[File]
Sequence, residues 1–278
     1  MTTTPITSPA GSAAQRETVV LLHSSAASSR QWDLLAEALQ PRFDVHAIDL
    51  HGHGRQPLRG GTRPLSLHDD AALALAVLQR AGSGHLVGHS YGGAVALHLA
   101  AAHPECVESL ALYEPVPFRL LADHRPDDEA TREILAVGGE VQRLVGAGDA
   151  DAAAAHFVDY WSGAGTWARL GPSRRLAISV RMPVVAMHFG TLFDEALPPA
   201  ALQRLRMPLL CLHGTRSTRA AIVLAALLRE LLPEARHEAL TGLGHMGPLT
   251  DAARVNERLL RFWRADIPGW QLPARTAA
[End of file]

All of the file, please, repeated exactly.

Sequence, residues 1–278
     1  MTTTPITSPA GSAAQRETVV LLHSSAASSR QWDLLAEALQ PRFDVHAIDL
    51  HGHGRQPLRG GTRPLSLHDD AALALAVLQR AGSGHLVGHS YGGAVALHLA
   101  AAHPECVESL ALYEPVPFRL LADHRPDDEA TREILAVGGE VQRLVGAGDA
   151  DAAAAHFVDY WSGAGTWARL GPSRRLAISV RMPVVAMHFG TLFDEALPPA
   201  ALQRLRMPLL CLHGTRSTRA AIVLAALLRE LLPEARHEAL TGLGHMGPLT
   251  DAARVNERLL RFWRADIPGW QLPARTAA